Vatican Envoy in Chile: Up to Pope to Release Sex Abuse Report

The Vatican envoy who was sent to Chile to gather evidence of sex abuse in the Roman Catholic Church said it would be up to Pope Francis to decide on whether to release the report of their findings to the country’s civil authorities.

During a visit in February, Archbishop Charles Scicluna of Malta, the Vatican’s top sex abuse investigator, conducted interviews with victims to compile a 2,300-page report which he handed to the Pope. It accused Chile’s bishops of “grave negligence” in handling allegations that children had been

abused and said evidence of sex crimes had been destroyed.

Asked if the Vatican would hand over the report or make it public, Scicluna said the “freedom and autonomy” of the Catholic Church should be respected.

“The report is not mine, it belongs to Pope Francis,” he told journalists in Chile’s capital Santiago as he prepared to depart for Rome. “Every demand and petition must be sent to him who as the leader of the church … has jurisdiction.”

The Chilean authorities have said they would request details of the alleged victims and perpetrators of abuse from the Vatican, according to an interview with the national prosecuting authority’s sex crimes chief in the local La Tercera newspaper.

Scicluna announced the creation of a “listening service,” made up of laity and church officials, that would hear further allegations of abuse. He said he had met “hundreds of people” over the past week, and received letters from others.

He said the Church was committed to finding “justice” for the victims through its own channels and through civil law.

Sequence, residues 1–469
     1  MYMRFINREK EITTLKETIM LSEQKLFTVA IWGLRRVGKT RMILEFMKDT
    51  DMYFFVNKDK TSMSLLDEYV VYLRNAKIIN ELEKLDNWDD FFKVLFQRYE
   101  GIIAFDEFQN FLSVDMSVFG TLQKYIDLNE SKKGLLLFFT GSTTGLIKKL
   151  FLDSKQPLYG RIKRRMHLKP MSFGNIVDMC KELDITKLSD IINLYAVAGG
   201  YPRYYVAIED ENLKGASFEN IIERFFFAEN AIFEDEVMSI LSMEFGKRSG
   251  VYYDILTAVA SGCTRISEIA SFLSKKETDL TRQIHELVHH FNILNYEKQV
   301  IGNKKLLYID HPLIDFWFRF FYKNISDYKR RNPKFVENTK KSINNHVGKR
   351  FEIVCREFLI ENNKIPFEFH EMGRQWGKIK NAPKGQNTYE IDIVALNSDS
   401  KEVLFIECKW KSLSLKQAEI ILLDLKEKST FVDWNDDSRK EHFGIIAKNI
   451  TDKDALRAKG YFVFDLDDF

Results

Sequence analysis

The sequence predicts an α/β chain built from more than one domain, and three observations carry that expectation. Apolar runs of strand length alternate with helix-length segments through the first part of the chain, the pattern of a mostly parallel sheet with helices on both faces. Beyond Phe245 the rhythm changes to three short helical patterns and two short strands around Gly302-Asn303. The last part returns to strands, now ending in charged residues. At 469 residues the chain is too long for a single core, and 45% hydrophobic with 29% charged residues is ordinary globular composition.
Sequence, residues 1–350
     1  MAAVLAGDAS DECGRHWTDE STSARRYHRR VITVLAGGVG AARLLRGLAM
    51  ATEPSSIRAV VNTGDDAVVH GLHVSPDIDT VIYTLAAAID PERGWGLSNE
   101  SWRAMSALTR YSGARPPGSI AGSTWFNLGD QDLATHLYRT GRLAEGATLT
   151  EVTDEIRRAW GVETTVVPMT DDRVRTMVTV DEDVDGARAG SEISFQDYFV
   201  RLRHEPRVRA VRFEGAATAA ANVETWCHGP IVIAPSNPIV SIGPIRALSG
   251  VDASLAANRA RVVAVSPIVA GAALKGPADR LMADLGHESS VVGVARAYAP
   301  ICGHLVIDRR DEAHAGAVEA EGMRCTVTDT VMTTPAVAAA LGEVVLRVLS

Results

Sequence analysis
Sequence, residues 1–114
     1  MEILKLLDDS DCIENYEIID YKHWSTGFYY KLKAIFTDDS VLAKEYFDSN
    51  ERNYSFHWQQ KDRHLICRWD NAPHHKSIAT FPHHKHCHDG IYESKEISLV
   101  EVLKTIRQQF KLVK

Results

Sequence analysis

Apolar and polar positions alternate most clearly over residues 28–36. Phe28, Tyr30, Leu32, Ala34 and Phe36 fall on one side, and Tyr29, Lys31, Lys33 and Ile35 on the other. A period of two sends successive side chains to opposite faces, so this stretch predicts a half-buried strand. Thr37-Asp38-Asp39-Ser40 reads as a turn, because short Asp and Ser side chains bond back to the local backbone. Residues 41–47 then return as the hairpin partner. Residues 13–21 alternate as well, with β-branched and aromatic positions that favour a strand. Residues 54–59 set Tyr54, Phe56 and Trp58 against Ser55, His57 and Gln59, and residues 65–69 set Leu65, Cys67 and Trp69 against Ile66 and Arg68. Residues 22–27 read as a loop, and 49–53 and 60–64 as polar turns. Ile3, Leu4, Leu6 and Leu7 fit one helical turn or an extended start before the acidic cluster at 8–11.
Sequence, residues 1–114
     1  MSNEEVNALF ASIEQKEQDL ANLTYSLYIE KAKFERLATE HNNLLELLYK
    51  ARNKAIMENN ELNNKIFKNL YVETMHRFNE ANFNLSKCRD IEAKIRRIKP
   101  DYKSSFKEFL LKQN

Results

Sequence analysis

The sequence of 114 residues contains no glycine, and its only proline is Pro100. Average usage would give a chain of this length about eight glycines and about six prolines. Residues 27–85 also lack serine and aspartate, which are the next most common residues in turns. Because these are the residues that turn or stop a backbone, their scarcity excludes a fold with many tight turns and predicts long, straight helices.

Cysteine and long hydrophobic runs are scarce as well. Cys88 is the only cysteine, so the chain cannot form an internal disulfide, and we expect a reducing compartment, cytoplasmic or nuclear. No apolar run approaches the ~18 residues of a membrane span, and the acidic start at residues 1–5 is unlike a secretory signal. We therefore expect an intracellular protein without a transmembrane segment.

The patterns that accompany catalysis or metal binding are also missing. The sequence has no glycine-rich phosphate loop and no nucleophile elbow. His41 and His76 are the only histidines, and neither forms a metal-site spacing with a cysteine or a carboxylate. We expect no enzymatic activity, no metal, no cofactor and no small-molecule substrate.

“The invitation to recognize and admit the full truth, with all of its painful repercussions and consequences, is the starting point for authentic healing,” he said. “We must have justice for the good of the country and for that of the Church.”

Scicluna’s arrival last week coincided with a growing tide of abuse allegations against the Catholic Church in Chile.

This week, further allegations arose in the southern Chilean cities of Aysen and Temuco that saw clergy suspended and sanctioned, according to statements from the Chilean Church.

Chilean police and prosecutors launched unexpected raids on Church offices last week, seizing documents relating to allegations of abuse.

Trump: ‘We’re Getting There’ in NAFTA Talks with Canada, Mexico

U.S. President Donald Trump said on Tuesday progress was being made in slow-moving talks to update the NAFTA trade accord between the United States, Canada and Mexico, but he held out the prospect of striking bilateral pacts if a three-way deal could not be reached.

“We’re trying to equalize it. It’s not easy but we’re getting there,” he told a group of U.S. small business executives. “We’ll see whether or not we can make a reasonable NAFTA deal.”